50 tasty reasons to love Minnesota food
|Walleye, Surly, Honeycrisp ... and we're just getting started|
The Twin Cities' recent domination of the James Beard Awards for Best Midwest Chef is only one sign that our state is now a fixture on America's food map. The explosive growth of Minnesota dining culture can be seen in the burgeoning farm-to-table ethic and growth of farmers markets; in Lenny Russo's grand, experimental food campus at Heartland; in the artisan meats of Green Ox; and in the designer cocktails at Bradstreet Craftshouse, La Belle Vie, and others. Esquire magazine even singled out Al's Breakfast as serving the "Best Pancakes in America."
Minnesota has long been a food-conscious state, from our Mill City beginnings to Betty Crocker to our invention of the Honeycrisp apple, but nothing has rivaled today's diverse restaurant and food scene. Eating in Minnesota has become a spectacular adventure of tastes and experiences.
Here is our list of the 50 best reasons to eat in Minnesota:
The Minnesota Food 50
50. Decadent dairy: Rich, sweet, small-batch butters from places like Hope Creamery and Rochedale Farms. Plus goat cheeses from Donnay, cave-aged blues from Faribault, milk and cream from Cedar Summit, and so many more.
49. Red Lake walleye: The country's only hook-and-line-caught commercial fishery is open once again, providing the only source of United States walleye.
48. Affordable fine dining: At many fine-dining gems, entrée prices hover around $20. Plus, you'll find gourmet chefs cooking everyday fare at places like Be'Wiched Deli and Sonora Grill.
47. Booyah feed season.
46. Rural food festivals: Barnesville has Potato Days, Montgomery has Kolache Days, and Brahm has Pie Day, among others.
45. Design: From the historic, gothic digs at the Strip Club to the too-cool-for-school Brooklyn-esque Tilia, to the serene loft of Tanpopo noodle shop, to the theatrical set-like Heidi's, local restaurateurs consider aesthetics a meaningful part of the dining experience.
44. We're the home of public radio's The Splendid Table.
|Photo: Compart Family Farms|
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42. Austin-based Hormel invented the world's most popular tinned-meat-cum-pop-culture meme, SPAM.
41. Long Cheng livestock market allows visitors to select their own animal for on-site slaughter, just a few miles from downtown St. Paul
40. After a successful pilot program in Minneapolis, citywide curbside-collected composting is closer to becoming a reality.
39. D'Amico vs. international cheflebrities: This family-run Italian restaurant chain has so far succeeded in ousting two international cheflebrities from splashy venues, the Chambers Hotel and Walker Art Center.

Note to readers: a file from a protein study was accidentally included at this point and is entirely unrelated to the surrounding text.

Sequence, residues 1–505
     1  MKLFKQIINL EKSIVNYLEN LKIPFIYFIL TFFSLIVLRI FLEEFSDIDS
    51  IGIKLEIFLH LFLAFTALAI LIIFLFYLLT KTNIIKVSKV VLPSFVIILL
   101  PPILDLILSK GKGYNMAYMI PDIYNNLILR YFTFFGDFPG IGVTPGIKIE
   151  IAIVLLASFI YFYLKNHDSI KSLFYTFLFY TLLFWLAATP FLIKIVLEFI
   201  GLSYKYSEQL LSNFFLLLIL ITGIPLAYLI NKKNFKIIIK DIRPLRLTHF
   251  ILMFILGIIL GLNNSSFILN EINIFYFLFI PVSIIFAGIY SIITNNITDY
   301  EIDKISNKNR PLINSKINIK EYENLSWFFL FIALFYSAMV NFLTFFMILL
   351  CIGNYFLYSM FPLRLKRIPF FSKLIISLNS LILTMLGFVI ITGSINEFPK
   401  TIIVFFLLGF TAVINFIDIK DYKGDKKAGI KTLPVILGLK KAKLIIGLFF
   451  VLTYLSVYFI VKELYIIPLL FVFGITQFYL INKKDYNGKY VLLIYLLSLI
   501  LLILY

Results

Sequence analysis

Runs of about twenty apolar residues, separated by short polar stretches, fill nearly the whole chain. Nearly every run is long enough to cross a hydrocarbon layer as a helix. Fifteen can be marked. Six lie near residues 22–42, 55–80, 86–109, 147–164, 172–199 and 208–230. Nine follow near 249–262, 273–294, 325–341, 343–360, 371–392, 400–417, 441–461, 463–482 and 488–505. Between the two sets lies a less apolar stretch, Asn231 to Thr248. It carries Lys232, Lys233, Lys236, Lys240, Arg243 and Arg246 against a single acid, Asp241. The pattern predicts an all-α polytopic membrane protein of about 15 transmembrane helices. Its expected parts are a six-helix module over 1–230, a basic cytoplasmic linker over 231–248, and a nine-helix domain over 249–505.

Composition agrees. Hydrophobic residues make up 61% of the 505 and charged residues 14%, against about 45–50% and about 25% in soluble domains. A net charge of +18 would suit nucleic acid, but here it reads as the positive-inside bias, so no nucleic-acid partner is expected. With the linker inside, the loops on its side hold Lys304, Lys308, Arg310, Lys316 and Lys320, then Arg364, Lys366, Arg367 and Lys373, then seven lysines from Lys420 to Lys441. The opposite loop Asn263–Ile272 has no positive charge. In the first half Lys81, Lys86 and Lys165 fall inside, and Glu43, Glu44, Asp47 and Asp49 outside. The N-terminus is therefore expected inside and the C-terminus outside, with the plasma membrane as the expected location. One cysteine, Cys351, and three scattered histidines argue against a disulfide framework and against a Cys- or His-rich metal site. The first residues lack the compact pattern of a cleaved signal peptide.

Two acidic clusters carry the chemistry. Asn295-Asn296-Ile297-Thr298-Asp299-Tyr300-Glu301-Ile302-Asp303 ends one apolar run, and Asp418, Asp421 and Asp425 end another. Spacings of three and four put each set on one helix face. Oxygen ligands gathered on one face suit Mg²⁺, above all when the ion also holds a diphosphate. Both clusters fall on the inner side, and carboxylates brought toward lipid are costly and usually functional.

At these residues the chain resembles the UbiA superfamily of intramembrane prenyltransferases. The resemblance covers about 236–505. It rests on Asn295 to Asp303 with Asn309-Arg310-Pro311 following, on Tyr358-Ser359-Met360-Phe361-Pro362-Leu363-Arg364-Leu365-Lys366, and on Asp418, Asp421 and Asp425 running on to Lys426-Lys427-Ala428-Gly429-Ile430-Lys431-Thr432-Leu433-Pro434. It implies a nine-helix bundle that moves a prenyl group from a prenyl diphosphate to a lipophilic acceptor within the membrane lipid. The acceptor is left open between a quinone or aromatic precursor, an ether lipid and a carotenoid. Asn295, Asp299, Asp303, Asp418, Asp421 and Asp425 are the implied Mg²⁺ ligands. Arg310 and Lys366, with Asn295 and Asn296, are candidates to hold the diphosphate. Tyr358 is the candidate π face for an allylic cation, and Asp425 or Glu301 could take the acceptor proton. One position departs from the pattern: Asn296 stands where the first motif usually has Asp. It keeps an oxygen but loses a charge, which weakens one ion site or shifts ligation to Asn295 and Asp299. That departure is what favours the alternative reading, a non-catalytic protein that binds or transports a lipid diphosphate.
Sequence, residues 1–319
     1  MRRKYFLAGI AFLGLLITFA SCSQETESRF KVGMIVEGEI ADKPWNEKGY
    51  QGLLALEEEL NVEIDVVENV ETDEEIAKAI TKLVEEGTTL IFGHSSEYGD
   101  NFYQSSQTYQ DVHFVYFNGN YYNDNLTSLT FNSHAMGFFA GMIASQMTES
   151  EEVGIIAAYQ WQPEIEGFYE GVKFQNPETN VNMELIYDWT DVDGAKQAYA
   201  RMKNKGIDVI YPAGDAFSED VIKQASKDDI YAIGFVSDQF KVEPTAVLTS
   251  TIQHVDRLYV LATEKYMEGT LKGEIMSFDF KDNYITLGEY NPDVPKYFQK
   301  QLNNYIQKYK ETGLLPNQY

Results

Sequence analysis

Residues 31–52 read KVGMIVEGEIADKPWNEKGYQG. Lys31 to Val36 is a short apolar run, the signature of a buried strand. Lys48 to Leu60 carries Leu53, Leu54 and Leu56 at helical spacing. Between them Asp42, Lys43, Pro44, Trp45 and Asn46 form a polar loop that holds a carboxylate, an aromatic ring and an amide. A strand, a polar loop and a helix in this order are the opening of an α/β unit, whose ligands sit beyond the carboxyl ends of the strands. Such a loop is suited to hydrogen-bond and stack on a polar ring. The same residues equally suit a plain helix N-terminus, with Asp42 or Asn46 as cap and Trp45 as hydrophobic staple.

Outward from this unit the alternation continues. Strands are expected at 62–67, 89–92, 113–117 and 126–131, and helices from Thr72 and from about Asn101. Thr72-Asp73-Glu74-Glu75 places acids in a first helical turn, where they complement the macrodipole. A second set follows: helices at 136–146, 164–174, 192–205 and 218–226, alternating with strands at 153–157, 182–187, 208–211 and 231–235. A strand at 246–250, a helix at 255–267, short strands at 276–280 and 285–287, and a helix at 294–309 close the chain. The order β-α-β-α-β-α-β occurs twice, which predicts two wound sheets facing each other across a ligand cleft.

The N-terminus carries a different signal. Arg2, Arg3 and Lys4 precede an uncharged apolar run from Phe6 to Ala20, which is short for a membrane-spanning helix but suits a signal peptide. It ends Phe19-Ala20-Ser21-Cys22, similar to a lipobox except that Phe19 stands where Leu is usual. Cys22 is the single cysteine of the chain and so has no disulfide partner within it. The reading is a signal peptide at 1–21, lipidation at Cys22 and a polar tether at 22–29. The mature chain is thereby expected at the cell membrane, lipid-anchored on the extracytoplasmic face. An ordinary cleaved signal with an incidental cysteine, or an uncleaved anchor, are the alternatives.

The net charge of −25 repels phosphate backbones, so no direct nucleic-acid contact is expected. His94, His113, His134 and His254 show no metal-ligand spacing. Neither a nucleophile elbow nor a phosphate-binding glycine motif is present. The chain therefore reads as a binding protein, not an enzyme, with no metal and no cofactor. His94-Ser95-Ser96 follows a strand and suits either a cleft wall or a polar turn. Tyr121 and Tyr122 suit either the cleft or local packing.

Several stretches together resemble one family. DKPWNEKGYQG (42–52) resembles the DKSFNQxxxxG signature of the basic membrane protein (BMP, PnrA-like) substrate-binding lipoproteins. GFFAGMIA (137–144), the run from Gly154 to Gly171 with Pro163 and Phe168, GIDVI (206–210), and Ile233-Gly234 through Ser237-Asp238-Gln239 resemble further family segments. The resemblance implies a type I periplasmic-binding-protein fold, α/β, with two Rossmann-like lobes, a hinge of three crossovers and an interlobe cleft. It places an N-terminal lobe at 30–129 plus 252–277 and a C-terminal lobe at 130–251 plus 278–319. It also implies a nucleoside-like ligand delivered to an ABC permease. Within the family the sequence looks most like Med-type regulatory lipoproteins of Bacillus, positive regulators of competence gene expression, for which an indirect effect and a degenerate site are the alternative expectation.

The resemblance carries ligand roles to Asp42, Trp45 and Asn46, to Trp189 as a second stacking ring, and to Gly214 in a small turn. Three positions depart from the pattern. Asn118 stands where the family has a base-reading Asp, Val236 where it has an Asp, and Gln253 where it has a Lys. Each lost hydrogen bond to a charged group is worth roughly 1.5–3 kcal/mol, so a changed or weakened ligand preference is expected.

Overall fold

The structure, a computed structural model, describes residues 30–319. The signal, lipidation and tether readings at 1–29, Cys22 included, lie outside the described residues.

38. Steve Schussler, inventor of the international theme-restaurant chain Rainforest Café, calls the Twin Cities home, and his fantastical Golden Valley workshop is incubating even more "eatertainment" concepts.
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36. Pizza perfectionists: From our longtime Neapolitan faves Punch and Nea, to newcomers like Black Sheep, Pizzeria Lola, and Mozza Mia, obsessive attention to detail makes these pies competitive with any on the East Coast ... or even Italy.
35. Airport eats: Recent remodeling added more local flavor, with MSP branches of local favorites like French Meadow, Surdyk's, and Ike's. A new project in the works will bring even more notable chefs--Russell Klein and Lenny Russo among them--into the mix so travelers don't have to settle for generic fast-food chains.
34. Park concessions: The Twin Cities have one of the country's best urban park systems, and they've been made even better by the addition of savvy food vendors: Tin Fish, Sea Salt, and the new, ultra-green Bread and Pickle.
33. Target Field concessions include lots of local food makers, from Kramarczuk's sausages to Murray's steak sandwiches.
32. Gastro Non Grata: These frequent events exploit our local musician-chef overlap by combining concerts and food. Indie bands perform as listeners sample snacks, brewers make beer, and one lucky meat raffle winner goes home with a carnivorous feast.
31. Charcuterie: We have more pigs than people in these parts, and lots of local restaurants making their own charcuterie. Mike Phillips and Kieran Folliard hope to turn their new retail company, Green Ox, into the Midwest's regional preserved meat maker.